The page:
A: He was shocked.

Q: Do you recall his precise words?

A: Not exactly no.

Q: Do you recall what you said to him?

A: Yeah, he said this wasn’t supposed to happen this way. I said the same thing to Mr. Simpson, which was that this was only supposed to have been released or posted and published if it had been verified.

The Spygate plotters, both in the federal agencies and in the DNC Media Complex, had hoped to get way more mileage out of a shadowy, anonymous document that was held from public scrutiny. Once Buzzfeed blew the game, they were caught flat-footed.

Then, a second disaster struck. Rod Rosenstein, Trump’s handpicked guy, was dropped into the middle of the Spygate plot on April 25, 2017, when the U.S. Senate confirmed him as Deputy Attorney General.

Much to the Spygate plotters’ horror, Trump’s new appointee hit the ground running, and wasted no time in blowing all their carefully laid plans to smithereens.

The Spygate plotters panicked on hearing, right after he got done firing James Comey as director of the FBI, that Rosenstein might take control of the Trump-Russia investigation from acting FBI Director Andrew McCabe and hand it to a special counsel who he would appoint himself. Text messages sent between FBI agent Peter Strzok and FBI lawyer Lisa Page showed them anxiously wanting to know of any news if “Rod” was going with “Andy.”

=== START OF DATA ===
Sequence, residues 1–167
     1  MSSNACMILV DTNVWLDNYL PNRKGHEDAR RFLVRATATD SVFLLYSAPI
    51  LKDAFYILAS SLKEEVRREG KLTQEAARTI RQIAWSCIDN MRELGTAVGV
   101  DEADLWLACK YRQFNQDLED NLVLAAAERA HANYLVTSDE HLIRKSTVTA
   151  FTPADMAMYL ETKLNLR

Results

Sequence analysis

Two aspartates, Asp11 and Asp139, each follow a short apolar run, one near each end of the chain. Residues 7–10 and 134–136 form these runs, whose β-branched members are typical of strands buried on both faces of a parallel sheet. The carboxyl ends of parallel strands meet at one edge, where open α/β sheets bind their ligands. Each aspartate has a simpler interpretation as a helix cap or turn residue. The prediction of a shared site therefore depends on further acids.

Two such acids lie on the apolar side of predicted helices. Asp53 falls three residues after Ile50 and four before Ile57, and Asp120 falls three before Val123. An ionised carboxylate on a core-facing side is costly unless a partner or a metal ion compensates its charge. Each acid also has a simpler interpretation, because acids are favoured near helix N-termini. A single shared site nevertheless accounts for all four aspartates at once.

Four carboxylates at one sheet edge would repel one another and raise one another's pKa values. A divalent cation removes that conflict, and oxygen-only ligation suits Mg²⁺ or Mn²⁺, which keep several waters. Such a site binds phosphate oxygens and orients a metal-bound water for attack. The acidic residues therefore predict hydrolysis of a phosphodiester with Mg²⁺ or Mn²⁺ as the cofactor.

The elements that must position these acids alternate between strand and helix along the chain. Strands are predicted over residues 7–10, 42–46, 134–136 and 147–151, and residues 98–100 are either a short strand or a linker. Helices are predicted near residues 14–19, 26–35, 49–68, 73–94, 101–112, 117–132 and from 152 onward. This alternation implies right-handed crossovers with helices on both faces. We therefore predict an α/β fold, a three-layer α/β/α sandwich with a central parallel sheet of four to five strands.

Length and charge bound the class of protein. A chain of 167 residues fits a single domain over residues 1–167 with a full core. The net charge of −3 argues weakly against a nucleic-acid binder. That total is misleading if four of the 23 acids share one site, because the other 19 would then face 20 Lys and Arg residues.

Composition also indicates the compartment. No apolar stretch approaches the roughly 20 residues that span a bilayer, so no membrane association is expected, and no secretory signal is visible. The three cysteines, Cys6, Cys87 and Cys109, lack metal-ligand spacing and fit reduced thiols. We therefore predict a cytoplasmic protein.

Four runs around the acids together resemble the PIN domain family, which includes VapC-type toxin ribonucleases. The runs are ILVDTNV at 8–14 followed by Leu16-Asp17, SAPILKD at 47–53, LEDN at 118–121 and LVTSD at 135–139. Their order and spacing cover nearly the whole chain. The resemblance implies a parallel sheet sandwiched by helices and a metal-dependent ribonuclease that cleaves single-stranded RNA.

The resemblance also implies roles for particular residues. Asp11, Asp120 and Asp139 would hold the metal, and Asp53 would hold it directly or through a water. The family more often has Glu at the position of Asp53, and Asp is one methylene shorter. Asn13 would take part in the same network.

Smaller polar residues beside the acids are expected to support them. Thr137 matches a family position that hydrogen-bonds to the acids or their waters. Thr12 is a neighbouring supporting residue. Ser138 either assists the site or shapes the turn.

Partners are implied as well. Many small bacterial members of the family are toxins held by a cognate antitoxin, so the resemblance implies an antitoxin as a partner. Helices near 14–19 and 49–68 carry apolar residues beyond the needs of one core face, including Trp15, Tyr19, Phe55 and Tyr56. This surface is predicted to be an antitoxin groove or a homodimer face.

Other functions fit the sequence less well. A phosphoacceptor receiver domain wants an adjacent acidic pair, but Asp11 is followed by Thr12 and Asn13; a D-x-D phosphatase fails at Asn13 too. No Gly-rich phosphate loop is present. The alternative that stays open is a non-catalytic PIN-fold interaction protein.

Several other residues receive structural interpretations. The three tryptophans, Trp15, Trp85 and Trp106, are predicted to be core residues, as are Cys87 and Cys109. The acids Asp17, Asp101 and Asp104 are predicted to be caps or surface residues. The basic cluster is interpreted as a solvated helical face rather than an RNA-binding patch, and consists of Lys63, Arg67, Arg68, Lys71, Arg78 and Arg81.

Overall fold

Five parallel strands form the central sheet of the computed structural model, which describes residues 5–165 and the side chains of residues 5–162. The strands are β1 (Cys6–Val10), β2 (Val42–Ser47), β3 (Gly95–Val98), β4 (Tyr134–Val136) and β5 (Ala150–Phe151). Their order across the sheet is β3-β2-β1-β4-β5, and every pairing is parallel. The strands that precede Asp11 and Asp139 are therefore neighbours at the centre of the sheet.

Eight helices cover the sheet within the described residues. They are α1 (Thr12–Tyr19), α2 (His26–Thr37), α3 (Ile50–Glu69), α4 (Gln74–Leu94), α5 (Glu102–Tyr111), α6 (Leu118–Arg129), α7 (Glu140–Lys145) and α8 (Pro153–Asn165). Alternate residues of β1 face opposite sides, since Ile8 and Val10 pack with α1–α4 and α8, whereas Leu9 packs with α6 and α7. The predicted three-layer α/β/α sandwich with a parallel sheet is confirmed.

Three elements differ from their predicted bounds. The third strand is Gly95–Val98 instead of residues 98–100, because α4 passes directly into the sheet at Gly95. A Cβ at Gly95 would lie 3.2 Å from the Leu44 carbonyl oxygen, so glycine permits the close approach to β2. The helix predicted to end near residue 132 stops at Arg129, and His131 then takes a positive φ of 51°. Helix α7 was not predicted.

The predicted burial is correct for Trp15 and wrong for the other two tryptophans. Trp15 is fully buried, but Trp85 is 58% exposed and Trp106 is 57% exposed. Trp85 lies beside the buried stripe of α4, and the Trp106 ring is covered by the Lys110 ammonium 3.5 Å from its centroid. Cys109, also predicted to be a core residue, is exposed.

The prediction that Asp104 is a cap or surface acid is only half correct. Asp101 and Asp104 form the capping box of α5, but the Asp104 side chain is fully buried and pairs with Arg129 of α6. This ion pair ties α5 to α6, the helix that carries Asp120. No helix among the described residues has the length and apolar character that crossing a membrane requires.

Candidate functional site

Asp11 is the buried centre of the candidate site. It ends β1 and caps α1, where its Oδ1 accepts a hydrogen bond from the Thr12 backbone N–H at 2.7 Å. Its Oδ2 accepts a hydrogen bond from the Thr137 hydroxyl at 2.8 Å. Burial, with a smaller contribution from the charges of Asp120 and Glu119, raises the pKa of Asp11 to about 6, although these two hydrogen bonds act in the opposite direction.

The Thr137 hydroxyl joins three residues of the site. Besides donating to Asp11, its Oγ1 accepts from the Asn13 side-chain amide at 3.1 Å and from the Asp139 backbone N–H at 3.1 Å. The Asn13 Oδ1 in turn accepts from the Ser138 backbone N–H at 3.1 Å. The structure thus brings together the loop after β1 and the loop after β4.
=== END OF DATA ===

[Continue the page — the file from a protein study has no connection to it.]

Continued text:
“Rod” didn’t go with “Andy.” Instead, Rosenstein ripped control of the Trump-Russia investigation from McCabe’s desperately clutching hands over his strident objections and sidelined him. McCabe, who was subsequently investigated for illegal leaking to the media and eventually fired from the FBI, has been the subject of a grand jury investigation for almost a year, so his troubles are far from over.

To sum it up: Spygate plotters lost their leaking strategy with the Steele dossier in early January, and by May, that no longer mattered because Comey had been fired and the Trump-Russia investigation was no longer under their control.

Mueller’s special counsel’s office is about to close shop without having come within yodeling distance of any Trump-Russia collusion or any other Trump crime. This “insurance policy” plot never had a chance, thanks to BuzzFeed News blowing the leak strategy and Rosenstein taking over the Russia investigation.

And who is about to show there is no evidence whatsoever that Trump cheated with Russian help or any other kind of foreign help to win the 2016 election?

Special counsel Robert Mueller and his crack team of 13 angry Democrats!

Kramer revealed in his deposition that he was handpicked to receive the Steele dossier right after the 2016 election because he and the man he worked for, McCain, were Republicans.

Kramer relates that his impression was that he and McCain were picked by Fusion GPS to be the ones to pass the dossier publicly to the FBI so the FBI would be getting it from Republicans—because if the federal agency got it directly from the paid Democratic political operatives at Fusion, it would look bad.

He actually admits that on pages 95-96 of his deposition.